From plastic to electronic scrap, waste is on the rise. This raises several environmental and societal concerns requiring EU governments to move beyond our throwaway society.
Europe is not prepared to deal with the increasing amounts of waste properly. Too much waste still ends up in toxic incinerators and dumpsites. Countries like China have stopped taking in the scrap, and the spread of hazardous substances contained in discarded goods present significant risk for human health.
There is only one way out of this: we must avoid waste.
Introducing Europe’s new waste laws
EU governments and institutions agreed on a comprehensive strategy to prevent household waste and boost recycling.
All countries are required to:
- Recycle 55% of household waste by 2025, 60% by 2030 and 65% by 2035
- Recycle 70% of all packaging – including plastic, paper, aluminum and other materials
- Implement a 10% cap on landfill by 2035
- Implement stricter and more consistent methods to calculate progress made towards recycling
All countries must put in place new measures to help them achieve these targets. These include mandatory separate collection of household waste – paper, plastic, glass, metals, textiles, hazardous waste and organic waste – as well as schemes to make producers pay for the collection and recycling of their products and a ban on the incineration and burying of waste collected for recycling or composting.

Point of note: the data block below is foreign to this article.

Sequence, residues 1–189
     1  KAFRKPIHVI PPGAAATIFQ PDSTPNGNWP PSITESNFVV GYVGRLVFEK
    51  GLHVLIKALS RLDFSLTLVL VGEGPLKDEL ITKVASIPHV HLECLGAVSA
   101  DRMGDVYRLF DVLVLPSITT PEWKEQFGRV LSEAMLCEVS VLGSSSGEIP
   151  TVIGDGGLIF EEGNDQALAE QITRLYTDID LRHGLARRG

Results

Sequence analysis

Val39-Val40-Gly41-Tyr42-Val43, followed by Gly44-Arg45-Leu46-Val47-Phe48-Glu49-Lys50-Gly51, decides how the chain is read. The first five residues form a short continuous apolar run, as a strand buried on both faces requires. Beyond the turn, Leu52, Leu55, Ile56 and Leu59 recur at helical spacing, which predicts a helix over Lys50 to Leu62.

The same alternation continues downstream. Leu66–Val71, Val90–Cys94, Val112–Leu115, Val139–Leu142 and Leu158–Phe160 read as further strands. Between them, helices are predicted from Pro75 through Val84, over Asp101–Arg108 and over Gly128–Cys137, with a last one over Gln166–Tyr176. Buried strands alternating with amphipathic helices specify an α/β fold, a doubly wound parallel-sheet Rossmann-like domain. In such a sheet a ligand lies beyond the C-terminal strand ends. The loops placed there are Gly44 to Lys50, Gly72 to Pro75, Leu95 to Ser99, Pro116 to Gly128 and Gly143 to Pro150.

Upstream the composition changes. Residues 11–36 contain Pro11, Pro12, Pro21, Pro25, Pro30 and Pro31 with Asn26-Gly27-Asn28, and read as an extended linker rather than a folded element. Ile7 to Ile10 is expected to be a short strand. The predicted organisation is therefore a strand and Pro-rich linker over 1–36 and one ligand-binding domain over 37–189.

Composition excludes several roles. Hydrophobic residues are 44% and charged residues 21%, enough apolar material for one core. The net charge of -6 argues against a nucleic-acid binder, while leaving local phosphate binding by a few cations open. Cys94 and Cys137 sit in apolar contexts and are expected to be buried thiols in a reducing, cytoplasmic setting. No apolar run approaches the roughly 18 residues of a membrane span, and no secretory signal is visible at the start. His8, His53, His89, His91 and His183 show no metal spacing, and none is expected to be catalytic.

The EU also recommends the introduction of non-binding measures and economic incentives to boost waste prevention (Annex IVa). These include landfill and incineration taxes as well as schemes to boost packaging reuse and to ensure consumers are refunded a small fee once they return a container for recycling.
The targets and measures mentioned here, alongside several other requirements, are part of four major EU directives: the Waste Framework Directive, the Packaging and Packaging Waste Directive, the Landfill Directive and the Single-Use Plastics Directive.
If you want to learn more, check out our timeline for the implementation of the new EU waste management and prevention laws and our 10 policy priorities to reduce waste.
In Europe, people have stood up to counter plastic pollution.
Plastic has become the symbol of our throw-away society and has been linked to several major problems including marine litter and the collapse of entire ecosystems.
The EEB, along with other members of the Rethink Plastic Alliance, is at the forefront of the fight against plastic pollution.
could be created by increasing recycling
of waste is recycled in the EU